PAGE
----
But Brown argues that in instructing on the elements of the crime, the court erred in reading the entire statute, which deems unlawful not only possessing cocaine with the intent to distribute, but also (among other things) manufacturing, administering, and dispensing cocaine.15 Indeed, a jury instruction can be misleading which gives several definitions of the offense where the accused is charged with only one of those definitions.16 But if the jury subsequently receives remedial instructions properly confining the offense to that charged in the indictment, no fatal error is present.17 A limiting instruction that the State must prove the offense as alleged in the indictment can cure the problem.18
Here the court read the indictment to the jury before voir dire; read the indictment again as it began the jury charge; sent the indictment out with the jury with the instruction that they should review it to inform themselves fully as to the charge made against Brown; told the jury that the State bore the burden of proving every material allegation of the indictment beyond a reasonable doubt; repeatedly reminded the jury throughout the instructions that the charged offense was possession of cocaine with intent to distribute; after reciting the Code language about the various methods of violating the statute, then immediately pointed out that in this case Brown was charged with the particular method of possessing cocaine with intent to distribute; and explained the jury verdict form, which specified the offense as possession of cocaine with intent to distribute. This verdict form and the instructions vitiate any valid concern that the jury was confused or might have convicted Brown of some offense other than that with which he was charged.
5. Finally, Brown claims that the court erred in giving an instruction on the lesser included charge of possession of cocaine 19 that included a general instruction on the meaning of lesser included charges. This charge was taken verbatim from OCGA § 16-1-6 and was followed by an explanation that possession of cocaine here was a lesser included offense of possession of cocaine with the intent to distribute. These are correct statements of the law. Moreover, Brown was convicted of the greater indicted offense of possession of cocaine with the intent to distribute.
Conviction of the greater offense renders harmless any error, although we find none, in the charge as given for the lesser included offense of [possession of cocaine, OCGA § 16-13-30(a) ]. In this case no injury resulted, because the jury found the accused guilty of [possession of cocaine with intent to distribute under OCGA § 16-13-30(b) ] and that verdict is supported by sufficient competent evidence. If the jury had found the accused guilty of [the lesser included offense of possession of cocaine], there would be room for complaint of the allegedly inappropriate instructions. Smith v. State, 8 Ga.App. 680, 682(2), 70 S.E. 42 (1911). Rodriguez v. State, 211 Ga.App. 256(1), 257, 439 S.E.2d 510 [ (1993) ].20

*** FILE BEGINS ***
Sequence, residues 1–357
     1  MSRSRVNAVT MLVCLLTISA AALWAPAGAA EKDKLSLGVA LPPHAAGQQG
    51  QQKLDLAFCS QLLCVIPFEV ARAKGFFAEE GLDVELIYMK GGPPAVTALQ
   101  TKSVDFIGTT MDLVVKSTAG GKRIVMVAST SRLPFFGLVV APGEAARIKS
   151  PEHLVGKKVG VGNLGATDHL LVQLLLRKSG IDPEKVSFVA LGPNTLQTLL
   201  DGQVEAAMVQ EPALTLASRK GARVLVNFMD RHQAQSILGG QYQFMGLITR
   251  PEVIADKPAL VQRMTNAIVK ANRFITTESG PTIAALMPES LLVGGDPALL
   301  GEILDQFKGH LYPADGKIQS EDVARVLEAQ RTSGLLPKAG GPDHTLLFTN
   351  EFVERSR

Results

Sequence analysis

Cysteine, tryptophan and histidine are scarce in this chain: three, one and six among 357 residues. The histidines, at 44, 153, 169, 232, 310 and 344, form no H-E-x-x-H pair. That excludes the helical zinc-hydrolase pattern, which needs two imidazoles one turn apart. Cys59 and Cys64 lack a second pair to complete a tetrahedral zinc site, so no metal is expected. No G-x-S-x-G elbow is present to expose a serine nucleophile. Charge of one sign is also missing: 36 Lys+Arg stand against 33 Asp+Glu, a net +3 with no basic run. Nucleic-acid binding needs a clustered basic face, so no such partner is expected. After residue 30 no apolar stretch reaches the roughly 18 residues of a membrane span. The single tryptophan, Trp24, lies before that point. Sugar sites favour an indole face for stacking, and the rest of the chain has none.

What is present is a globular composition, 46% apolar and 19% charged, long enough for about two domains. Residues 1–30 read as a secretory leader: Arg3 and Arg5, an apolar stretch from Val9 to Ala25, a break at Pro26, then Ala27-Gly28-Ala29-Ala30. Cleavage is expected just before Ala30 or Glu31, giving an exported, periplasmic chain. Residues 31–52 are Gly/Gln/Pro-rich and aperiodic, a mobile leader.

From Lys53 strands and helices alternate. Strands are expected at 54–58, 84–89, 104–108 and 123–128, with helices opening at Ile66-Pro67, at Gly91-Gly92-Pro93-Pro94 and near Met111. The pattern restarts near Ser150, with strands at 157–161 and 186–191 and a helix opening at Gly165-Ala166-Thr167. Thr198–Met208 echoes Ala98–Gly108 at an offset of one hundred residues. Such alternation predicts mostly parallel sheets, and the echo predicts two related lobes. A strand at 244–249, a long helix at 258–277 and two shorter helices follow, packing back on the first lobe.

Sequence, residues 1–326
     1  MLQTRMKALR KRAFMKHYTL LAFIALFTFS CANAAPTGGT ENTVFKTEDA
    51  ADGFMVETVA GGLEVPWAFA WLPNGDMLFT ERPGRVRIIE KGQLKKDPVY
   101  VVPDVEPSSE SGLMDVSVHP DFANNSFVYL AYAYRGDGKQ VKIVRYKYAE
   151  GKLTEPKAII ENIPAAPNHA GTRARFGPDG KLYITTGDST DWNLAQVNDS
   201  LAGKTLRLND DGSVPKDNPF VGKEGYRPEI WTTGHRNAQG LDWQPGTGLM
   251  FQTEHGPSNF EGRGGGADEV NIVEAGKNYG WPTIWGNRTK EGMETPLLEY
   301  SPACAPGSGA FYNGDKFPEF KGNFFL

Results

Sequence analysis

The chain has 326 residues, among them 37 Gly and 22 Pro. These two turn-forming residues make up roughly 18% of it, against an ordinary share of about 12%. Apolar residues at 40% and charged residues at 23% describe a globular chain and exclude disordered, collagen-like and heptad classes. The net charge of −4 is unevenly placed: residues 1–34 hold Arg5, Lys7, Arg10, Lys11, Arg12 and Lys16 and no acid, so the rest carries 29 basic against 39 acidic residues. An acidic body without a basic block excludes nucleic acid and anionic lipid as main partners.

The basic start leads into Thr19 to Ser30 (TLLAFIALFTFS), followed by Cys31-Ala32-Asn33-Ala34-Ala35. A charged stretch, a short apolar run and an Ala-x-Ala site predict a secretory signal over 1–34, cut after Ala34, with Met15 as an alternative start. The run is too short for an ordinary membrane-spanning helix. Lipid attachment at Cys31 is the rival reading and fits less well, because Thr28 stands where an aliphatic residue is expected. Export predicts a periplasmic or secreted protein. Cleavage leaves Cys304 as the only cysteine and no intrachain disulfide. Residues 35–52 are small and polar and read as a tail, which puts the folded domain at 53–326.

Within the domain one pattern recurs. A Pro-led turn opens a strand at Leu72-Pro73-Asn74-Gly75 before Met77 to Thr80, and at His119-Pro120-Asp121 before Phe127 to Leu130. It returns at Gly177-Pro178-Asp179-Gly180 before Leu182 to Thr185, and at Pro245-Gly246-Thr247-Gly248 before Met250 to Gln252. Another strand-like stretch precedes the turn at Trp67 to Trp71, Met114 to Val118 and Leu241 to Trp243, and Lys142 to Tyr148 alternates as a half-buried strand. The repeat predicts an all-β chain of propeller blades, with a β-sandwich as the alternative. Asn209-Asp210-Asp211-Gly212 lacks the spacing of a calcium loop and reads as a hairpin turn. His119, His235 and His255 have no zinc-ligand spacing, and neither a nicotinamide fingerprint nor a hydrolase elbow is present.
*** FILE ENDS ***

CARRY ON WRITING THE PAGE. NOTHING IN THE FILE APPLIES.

1. OCGA § 16-13-30(b).
2. OCGA § 16-13-32.5(b).
3. (Citation omitted.) Holmes v. State, 269 Ga. 124, 126(2), 498 S.E.2d 732 (1998).
4. Id.; see Wilson v. State, 271 Ga. 811, 816(5)(a), 525 S.E.2d 339 (1999); Johnson v. State, 262 Ga. 652, 653(2), 424 S.E.2d 271 (1993).
5. Wilson, supra, 271 Ga. at 815(5)(a), 525 S.E.2d 339; Holmes, supra, 269 Ga. at 126(2), 498 S.E.2d 732; see Dorillas v. State, 224 Ga.App. 336, 337(1)(a), 480 S.E.2d 351 (1997).
6. Holmes, supra, 269 Ga. at 126(2), 498 S.E.2d 732; Garland v. State, 263 Ga. 495, 496-497(1), 435 S.E.2d 431 (1993).
7. Malone v. State, 240 Ga.App. 732, 735, 524 S.E.2d 770 (1999); Harris v. State, 178 Ga.App. 735, 736-737(1), 344 S.E.2d 528 (1986).
8. Cf. McClain v. State, 267 Ga. 378, 381(1)(a), 477 S.E.2d 814 (1996) (distinguishing those cases where the potential juror had a close relationship with the parties or the victim).
9. White v. State, 268 Ga. 28, 32(4), 486 S.E.2d 338 (1997).
10. (Citation omitted.) Id.
12. O'Donnell v. State, 200 Ga.App. 829, 834(2), 409 S.E.2d 579 (1991).
13. See Mallory v. State, 271 Ga. 150, 153(5), 517 S.E.2d 780 (1999), citing Nation v. State, 180 Ga.App. 460, 463(6), 349 S.E.2d 479 (1986).
14. See Golson v. State, 130 Ga.App. 577, 580(2), 203 S.E.2d 917 (1974).
15. OCGA § 16-13-30(b).
16. Caithaml v. State, 163 Ga.App. 429, 430(2), 294 S.E.2d 674 (1982).
17. Id. Accord Moses v. State, 270 Ga. 127, 129-130(4), 508 S.E.2d 661 (1998).
18. Salahuddin v. State, 241 Ga.App. 168, 170(1), 525 S.E.2d 422 (1999); see Ceasar v. State, 239 Ga.App. 752, 753-754(2), 521 S.E.2d 866 (1999); Buice v. State, 239 Ga.App. 52, 59(5), 520 S.E.2d 258 (1999).
19. OCGA § 16-13-30(a).
20. (Punctuation omitted.) Tucker v. State, 225 Ga.App. 757, 759(3), 484 S.E.2d 793 (1997).
POPE, P.J., and SMITH, P.J., concur.